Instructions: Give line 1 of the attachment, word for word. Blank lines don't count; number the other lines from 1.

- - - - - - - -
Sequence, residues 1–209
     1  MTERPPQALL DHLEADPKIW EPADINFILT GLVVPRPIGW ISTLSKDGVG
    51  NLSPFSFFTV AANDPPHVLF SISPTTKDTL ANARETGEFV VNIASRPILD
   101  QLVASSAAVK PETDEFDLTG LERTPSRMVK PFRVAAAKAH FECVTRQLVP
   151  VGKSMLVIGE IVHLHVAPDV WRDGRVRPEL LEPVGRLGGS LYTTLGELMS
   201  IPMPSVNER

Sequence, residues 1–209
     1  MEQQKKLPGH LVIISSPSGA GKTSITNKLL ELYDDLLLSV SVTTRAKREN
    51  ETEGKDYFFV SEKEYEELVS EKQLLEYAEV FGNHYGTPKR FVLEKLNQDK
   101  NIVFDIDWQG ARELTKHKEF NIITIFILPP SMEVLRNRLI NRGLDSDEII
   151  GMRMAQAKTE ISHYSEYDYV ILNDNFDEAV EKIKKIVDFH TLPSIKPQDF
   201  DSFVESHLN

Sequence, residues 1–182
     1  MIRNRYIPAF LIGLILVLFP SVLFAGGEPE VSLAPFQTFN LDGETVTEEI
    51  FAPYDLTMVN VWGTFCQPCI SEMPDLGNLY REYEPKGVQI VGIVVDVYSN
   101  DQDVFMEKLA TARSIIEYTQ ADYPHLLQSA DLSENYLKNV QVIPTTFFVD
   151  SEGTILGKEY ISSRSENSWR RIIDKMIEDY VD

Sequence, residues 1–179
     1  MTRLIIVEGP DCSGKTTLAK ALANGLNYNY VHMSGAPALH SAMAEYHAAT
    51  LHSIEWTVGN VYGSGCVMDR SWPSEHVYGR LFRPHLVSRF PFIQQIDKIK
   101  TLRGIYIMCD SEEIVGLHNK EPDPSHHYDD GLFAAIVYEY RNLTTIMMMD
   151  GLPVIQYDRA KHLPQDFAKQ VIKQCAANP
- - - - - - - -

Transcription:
Sequence, residues 1–209